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Abstract #3026

Auditory Midbrain Encoding of Ultrahigh Frequency Sound

Patrick P. Gao 1,2 , Jevin W. Zhang 1,2 , Iris Y. Zhou 1,2 , Joe S. Cheng 1,2 , Dan H. Sanes 3 , and Ed X. Wu 1,2

1 Laboratory of Biomedical Imaging and Signal Processing, The University of Hong Kong, Hong Kong, HKSAR, China, 2 Department of Electrical and Electronic Engineering, The University of Hong Kong, Hong Kong, HKSAR, China, 3 Department of Biology, New York University, New York, NY, United States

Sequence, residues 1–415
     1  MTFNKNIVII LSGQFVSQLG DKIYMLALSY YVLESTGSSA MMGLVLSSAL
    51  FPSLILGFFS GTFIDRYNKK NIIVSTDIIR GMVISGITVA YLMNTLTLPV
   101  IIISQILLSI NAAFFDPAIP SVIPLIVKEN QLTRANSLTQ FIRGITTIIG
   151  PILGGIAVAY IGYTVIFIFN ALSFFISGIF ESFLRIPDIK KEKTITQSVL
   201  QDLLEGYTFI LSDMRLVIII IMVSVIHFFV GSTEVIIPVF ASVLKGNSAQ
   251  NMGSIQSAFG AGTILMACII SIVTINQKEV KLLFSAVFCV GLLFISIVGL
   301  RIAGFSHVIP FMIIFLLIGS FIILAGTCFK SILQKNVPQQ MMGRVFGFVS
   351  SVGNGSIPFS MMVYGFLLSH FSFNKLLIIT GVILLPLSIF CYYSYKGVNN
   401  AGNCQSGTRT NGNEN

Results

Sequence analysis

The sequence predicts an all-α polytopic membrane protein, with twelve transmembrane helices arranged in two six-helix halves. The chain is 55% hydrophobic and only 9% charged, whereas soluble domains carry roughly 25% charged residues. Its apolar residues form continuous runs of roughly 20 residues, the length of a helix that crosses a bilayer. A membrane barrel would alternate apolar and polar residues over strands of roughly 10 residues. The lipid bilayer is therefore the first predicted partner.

Ultrahigh frequencies (UHFs) are important for social communication of many species (e.g. higher than 40/60 kHz for rats/mice, respectively). While lower frequencies are known to be represented as tonotopy in the auditory system, it remains largely unclear how the UHFs are encoded and processed. In the auditory pathway, the inferior colliculus (IC) is a midbrain nucleus targeted by both ascending and descending auditory projections, thus a key station for auditory information processing. In this study, non-invasive BOLD fMRI was applied to investigate the underlying mechanisms of UHF encoding in the IC.

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